Amazon to restart coronavirus testing program for warehouse workers
Amazon is working to restart a coronavirus testing program for warehouse workers after shuttering its on-site testing facilities earlier this summer, according to a current Amazon employee familiar with the project. The program, code-named Sunrise, relies on Amazon’s take-home coronavirus test kits, the employee said.
An Amazon spokesperson neither confirmed nor disputed the existence of the Sunrise project. The company is “discussing a number of options related to testing,” the spokesperson said in an email, and is “watching governmental guidance closely.”
The new testing program could help Amazon, the nation’s second-largest employer, adhere to the terms of last week’s presidential mandate that all employers with more than 100 workers either require their workers to be vaccinated, or be tested for the virus weekly.
Unlike many of its tech sector peers, Amazon has shied away from requiring its 950,000 U.S. employees to get vaccinated — reportedly because some executives fear that instituting a vaccine mandate could cause many of its front-line hourly workers to quit. Amid record-high job openings, Amazon is scrambling to fill hourly warehouse roles before the start of the holiday shopping season. In recent weeks, the company has offered signing bonuses of up to $3,000 at some locations and pledged to reimburse education-related expenses for hourly workers who stay with the company longer than three months.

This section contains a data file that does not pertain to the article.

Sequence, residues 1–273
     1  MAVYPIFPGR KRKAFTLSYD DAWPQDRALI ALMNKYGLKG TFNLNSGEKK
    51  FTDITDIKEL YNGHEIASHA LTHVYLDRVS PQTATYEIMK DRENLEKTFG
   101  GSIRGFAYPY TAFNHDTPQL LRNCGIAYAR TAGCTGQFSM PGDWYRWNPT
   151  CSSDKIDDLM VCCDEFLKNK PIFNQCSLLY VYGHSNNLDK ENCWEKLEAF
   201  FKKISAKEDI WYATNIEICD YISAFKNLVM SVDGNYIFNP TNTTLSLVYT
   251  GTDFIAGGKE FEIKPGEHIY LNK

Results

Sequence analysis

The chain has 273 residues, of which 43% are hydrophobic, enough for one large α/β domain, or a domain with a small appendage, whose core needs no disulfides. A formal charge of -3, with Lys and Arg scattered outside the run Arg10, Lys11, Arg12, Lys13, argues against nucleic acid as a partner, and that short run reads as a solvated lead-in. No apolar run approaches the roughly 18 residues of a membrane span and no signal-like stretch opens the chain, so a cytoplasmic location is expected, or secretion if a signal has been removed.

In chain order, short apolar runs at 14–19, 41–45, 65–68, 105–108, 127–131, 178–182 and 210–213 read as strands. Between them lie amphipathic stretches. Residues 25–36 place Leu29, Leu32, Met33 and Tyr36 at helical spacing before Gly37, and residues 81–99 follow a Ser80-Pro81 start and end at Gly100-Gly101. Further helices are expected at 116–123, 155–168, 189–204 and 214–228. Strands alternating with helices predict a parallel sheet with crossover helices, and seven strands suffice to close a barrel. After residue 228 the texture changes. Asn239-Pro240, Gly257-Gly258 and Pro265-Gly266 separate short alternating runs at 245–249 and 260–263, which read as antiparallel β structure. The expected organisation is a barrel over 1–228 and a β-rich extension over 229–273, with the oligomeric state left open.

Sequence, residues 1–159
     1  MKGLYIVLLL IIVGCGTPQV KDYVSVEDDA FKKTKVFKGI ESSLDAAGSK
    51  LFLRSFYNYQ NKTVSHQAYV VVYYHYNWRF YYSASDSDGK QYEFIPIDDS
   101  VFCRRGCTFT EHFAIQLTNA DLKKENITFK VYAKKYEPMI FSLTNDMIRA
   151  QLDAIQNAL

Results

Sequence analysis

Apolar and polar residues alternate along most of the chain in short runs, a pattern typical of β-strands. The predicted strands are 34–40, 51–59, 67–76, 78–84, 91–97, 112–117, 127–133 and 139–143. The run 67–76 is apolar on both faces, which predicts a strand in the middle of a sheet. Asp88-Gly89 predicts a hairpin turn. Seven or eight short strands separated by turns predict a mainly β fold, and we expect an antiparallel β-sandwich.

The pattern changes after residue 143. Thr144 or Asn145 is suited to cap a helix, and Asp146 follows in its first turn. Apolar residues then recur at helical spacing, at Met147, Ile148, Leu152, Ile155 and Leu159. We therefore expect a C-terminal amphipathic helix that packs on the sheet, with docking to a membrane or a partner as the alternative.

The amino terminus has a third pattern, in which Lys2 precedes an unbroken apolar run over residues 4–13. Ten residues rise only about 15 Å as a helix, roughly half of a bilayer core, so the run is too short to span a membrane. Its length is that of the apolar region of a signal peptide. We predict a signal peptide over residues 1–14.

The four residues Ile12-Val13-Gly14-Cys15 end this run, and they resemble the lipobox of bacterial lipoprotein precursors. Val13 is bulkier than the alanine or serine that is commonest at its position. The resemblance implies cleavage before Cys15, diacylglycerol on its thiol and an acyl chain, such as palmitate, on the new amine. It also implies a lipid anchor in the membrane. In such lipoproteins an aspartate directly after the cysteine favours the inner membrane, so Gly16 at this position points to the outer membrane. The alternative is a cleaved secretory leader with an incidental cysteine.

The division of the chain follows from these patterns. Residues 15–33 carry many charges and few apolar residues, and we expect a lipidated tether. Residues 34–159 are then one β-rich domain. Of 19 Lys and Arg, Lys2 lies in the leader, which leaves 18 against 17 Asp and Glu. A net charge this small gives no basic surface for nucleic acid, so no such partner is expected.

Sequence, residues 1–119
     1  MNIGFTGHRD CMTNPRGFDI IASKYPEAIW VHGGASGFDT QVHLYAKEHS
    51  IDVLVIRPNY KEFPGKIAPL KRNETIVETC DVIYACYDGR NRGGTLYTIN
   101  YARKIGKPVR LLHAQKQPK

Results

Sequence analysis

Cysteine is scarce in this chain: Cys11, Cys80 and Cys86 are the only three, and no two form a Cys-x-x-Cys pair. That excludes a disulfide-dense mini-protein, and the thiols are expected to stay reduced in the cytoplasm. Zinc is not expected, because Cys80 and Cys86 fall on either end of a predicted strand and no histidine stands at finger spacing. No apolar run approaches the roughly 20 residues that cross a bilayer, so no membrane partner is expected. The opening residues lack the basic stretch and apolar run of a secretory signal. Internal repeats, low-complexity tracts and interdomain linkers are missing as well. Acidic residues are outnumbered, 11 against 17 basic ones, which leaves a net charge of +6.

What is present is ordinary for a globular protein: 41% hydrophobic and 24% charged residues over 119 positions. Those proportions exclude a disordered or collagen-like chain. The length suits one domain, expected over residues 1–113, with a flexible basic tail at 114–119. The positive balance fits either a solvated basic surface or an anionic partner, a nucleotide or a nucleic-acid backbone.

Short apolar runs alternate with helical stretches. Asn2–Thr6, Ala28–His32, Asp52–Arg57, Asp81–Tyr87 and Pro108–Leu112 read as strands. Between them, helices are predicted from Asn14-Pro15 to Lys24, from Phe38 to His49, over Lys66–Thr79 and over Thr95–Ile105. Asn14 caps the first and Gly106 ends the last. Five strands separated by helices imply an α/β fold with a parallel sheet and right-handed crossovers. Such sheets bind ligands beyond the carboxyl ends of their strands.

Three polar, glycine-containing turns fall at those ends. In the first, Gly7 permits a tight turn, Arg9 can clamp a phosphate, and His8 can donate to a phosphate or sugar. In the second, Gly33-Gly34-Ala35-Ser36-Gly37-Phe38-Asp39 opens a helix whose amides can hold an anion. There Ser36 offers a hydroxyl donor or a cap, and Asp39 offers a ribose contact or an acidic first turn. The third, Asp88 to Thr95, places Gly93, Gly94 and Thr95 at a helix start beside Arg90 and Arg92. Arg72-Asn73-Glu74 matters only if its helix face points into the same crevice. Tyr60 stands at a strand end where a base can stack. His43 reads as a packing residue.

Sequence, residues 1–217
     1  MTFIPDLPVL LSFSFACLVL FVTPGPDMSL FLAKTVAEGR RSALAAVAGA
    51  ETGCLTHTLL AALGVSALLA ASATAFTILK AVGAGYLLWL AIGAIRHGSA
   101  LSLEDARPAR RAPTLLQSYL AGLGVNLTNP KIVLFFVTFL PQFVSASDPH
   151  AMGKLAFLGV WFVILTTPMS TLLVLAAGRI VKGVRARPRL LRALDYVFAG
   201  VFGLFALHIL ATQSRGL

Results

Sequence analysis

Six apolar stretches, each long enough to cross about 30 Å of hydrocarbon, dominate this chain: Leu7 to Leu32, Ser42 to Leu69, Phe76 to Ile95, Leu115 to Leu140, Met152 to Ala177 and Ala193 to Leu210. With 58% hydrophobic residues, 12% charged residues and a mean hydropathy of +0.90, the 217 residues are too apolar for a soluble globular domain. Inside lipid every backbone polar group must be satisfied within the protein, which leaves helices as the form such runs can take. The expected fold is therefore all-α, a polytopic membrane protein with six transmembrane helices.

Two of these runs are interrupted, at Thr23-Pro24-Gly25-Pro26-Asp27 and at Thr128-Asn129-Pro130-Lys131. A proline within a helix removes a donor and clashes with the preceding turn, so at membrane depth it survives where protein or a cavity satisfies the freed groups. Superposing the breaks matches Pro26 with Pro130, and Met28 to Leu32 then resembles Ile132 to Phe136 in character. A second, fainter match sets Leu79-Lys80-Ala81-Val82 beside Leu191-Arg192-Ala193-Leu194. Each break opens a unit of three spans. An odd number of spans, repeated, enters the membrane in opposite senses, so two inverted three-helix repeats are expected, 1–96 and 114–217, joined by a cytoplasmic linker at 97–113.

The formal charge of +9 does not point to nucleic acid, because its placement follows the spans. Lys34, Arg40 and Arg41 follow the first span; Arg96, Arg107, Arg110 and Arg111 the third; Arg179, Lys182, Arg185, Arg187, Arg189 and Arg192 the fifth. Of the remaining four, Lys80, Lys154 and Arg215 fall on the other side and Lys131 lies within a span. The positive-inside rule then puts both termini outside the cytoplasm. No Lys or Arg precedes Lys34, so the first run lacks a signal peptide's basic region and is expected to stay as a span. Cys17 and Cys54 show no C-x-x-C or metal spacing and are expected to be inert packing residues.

“We strongly believe that the best way to protect our front-line employees and communities from COVID-19 is through vaccinations,” the Amazon spokesperson said in an email. “And we are proud to have hosted more than 1,500 on-site vaccination events to help make getting a vaccination as easy as possible for our employees and their household members.”
In the months following the declaration of the COVID-19 pandemic last year, Amazon built extensive on-site coronavirus testing infrastructure for its warehouse employees. The company constructed two laboratories that ultimately processed more than one million tests from employees, collected from nearly 750 Amazon sites worldwide, before winding down its on-site testing facilities in July amid what would prove to be a short-lived dip in nationwide case counts.
At the time, the company said it had decided to end its coronavirus testing program because of “the progress we have made and improvements in public health conditions we are observing across the country,” spokesperson Kim LaFleur said in an email.
Case counts began to tick upward as the summer progressed, largely due to the proliferation of the more-infectious delta variant of the virus, prompting many companies to push back their returns to the office and reinstitute some health measures, like mask requirements, that they had scrapped earlier this year.
Amazon has touted what it says are relatively low rates of coronavirus infection among its employees, compared to the general population, as a victory for stringent social distancing and other health measures instituted in its warehouses.